Parents typically consult a pediatrician to learn about their child’s
Right? We want to make sure our child is eating independently, walking, and talking as expected, not actually transforming into the zabra dinosaur alien they were pretending to be yesterday. But a young child’s mental health can go unmeasured easily. How they are thinking, processing, and reacting to events and people is pretty invisible to us until they say something or react with an obvious emotion or cry. It’s easy to assume their psychological foundations are strong.
You’ve heard it before but it bears repeating: events that occur in early childhood lay the basis for emotional and social development. Because babies are all brand new and everything, it’s important that we keep an awareness about how we help them receive, translate and use their first impressions and experiences. Every child is different, even and maybe, especially from their parents. An event that seems trivial to us as adults can confuse them and if they don’t have anyone guiding them through it, the unresolvedness can affect them in ways that promote insecurity.
If something adverse or atypical happens during your day, like a homeless person lying on the street, or two people visibly upset and arguing, be prepared to speak to your child about it. Try not to overreact or cover up what happened. That’s an easy way to confuse your child because, well, they’re smart. And they know that there’s something you don’t want them to know about. To help your child observe the world as it comes to them:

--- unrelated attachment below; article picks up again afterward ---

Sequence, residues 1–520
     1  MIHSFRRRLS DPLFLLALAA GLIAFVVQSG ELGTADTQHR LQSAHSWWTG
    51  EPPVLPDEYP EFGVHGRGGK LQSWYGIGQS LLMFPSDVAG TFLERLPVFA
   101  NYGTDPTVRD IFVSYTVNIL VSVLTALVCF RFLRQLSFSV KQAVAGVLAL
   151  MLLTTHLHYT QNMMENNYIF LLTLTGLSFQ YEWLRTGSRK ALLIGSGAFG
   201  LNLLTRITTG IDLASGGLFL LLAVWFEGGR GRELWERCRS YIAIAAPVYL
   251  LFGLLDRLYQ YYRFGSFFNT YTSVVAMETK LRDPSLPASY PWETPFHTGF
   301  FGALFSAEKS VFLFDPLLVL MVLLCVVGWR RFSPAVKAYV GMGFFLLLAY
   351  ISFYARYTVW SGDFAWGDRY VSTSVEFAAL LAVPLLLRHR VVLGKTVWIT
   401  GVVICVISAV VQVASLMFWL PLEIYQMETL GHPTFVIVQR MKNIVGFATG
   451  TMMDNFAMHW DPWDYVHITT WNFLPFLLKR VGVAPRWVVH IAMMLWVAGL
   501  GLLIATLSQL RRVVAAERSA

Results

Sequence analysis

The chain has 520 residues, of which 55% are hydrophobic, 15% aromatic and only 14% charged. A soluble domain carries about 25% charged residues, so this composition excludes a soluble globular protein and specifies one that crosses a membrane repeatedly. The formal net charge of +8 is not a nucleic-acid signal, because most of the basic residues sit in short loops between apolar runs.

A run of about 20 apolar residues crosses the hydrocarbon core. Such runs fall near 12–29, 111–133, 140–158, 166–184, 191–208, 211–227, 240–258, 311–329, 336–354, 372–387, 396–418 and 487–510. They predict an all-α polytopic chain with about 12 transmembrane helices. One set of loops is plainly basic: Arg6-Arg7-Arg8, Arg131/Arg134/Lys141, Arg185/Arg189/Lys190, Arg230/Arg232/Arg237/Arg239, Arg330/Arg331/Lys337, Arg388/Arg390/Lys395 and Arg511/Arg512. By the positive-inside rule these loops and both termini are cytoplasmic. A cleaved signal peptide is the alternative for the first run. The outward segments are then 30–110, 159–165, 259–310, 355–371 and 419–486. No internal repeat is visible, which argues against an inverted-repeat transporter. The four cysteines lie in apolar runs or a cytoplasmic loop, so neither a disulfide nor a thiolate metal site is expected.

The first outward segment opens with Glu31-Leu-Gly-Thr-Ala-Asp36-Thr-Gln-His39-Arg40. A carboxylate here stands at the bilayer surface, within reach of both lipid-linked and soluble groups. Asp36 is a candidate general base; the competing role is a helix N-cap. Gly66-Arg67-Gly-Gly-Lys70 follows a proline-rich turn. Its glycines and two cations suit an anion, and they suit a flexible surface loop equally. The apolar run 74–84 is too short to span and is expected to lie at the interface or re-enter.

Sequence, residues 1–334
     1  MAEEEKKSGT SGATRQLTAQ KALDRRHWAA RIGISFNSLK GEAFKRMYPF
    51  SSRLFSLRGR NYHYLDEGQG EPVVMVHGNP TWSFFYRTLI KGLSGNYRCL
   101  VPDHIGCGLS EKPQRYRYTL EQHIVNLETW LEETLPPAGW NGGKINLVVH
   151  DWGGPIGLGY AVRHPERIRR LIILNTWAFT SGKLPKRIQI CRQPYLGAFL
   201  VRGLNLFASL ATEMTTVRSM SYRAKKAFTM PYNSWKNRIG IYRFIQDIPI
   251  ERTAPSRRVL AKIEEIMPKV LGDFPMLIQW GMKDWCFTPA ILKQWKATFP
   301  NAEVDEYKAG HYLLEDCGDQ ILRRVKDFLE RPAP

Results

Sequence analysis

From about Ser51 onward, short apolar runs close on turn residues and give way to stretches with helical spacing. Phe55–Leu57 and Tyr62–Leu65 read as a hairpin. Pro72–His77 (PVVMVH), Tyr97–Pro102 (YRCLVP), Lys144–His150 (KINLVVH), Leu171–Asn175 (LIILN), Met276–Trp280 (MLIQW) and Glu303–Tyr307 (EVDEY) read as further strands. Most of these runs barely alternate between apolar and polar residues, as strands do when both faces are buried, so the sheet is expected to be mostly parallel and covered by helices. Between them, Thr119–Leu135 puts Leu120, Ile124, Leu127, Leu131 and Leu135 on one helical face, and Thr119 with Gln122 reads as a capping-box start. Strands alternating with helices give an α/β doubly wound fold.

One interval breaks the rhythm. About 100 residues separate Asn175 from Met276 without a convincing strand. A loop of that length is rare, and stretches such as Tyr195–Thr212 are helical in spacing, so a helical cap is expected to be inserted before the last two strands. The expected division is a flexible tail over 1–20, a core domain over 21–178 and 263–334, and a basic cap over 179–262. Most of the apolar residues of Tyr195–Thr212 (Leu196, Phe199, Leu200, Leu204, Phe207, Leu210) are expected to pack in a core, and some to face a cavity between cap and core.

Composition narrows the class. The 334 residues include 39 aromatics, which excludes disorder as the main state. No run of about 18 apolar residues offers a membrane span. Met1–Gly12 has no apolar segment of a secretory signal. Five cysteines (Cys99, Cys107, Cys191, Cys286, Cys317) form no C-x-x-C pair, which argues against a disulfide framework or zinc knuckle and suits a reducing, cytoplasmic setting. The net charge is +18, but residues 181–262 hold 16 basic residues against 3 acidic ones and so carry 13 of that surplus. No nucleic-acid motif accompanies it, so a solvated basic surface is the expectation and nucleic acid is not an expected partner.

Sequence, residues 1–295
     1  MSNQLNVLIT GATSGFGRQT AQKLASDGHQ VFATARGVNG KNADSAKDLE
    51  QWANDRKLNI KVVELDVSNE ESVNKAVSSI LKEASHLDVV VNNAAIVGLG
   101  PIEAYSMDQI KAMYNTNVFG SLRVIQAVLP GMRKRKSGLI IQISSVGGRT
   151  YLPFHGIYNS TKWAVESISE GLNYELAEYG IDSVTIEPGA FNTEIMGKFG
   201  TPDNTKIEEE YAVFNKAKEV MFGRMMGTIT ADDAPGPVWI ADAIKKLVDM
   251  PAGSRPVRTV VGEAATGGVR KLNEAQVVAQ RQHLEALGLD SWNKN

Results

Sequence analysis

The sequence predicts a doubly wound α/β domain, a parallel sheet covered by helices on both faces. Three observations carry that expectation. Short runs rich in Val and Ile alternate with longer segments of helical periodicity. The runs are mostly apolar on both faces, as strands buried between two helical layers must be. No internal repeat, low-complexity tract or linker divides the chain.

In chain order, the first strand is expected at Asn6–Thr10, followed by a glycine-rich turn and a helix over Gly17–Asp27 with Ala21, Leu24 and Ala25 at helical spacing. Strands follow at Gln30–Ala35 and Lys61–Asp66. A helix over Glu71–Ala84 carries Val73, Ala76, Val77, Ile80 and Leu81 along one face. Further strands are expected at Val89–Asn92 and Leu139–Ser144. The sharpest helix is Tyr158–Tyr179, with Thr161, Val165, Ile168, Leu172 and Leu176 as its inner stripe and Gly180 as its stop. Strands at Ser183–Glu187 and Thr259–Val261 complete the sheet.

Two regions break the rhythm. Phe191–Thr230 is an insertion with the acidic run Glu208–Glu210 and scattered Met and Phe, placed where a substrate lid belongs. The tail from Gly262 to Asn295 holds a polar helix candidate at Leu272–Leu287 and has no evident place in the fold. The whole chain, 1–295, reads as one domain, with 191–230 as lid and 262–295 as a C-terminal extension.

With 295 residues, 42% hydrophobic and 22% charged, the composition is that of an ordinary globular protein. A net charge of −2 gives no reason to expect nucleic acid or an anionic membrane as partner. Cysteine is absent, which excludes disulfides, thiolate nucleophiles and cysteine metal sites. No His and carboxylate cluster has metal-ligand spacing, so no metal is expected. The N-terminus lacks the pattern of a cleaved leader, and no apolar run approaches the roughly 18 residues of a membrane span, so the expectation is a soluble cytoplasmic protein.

Describe the event objectively without adding opinions
Ask them what they thought about it
Ask them how it made them feel
Explain why the event happened
Ask them if they have questions after you explained it
Encourage them to ask you anything if they see something they don’t understand
Here are examples of how a conversation would go:
Did you see the man sleeping on the sidewalk? Yes.
What did you think about that? I saw that yesterday.
Oh ok, how did it make you feel? I don’t know.
Sometimes, people lose their job or their money and don’t have a place to live. So they sleep on the street until they find a new home. Sometimes the city also offers them space in special buildings with food. Oh, OK.
Those people must have been talking about something upsetting.
Sometimes people end up talking about something important and they raise their voices and have big feelings and they don’t realize that everyone can hear them.
It’s best to just continue on our way, without looking at them so they can have their privacy.
We try to wait until we are in private to talk about upsetting things, but sometimes we can’t wait.
Do you have any questions or feelings about it?
Sometimes the thoughts and feelings are so big when people are upset, have you ever had big feelings like that?
Just let me know if you see something upsetting or strange when we’re walking around, OK?
We can talk about it and try to understand it together.
Sometimes the only thing we can do is try to see what people are feeling.
Instead of making these talks a big to-do, try implementing them daily. At the end of the day, you can prompt these types of exchanges:
Hello, how did your day go?
What did you do?
How did it make you feel?
I had a busy day and it made me feel tired sometimes, but I took a deep breath and felt better.
Did you have fun?
Tell me about it.
Having a daily check-in will make a habit of communicating and expressing ourselves, however simply. Difficult thoughts and feelings can be hard to express, especially for someone with such a small emotional toolkit. But after you model how to express your feelings and questions, they will follow that example. Open communication, empathy, and compassion can be shown to our children every day with the things we say and how we describe the world. Because by listening to you and watching you conduct your life, they are given a template. And of course, they’ll build on it to make it their own. So let’s leave them good instructions.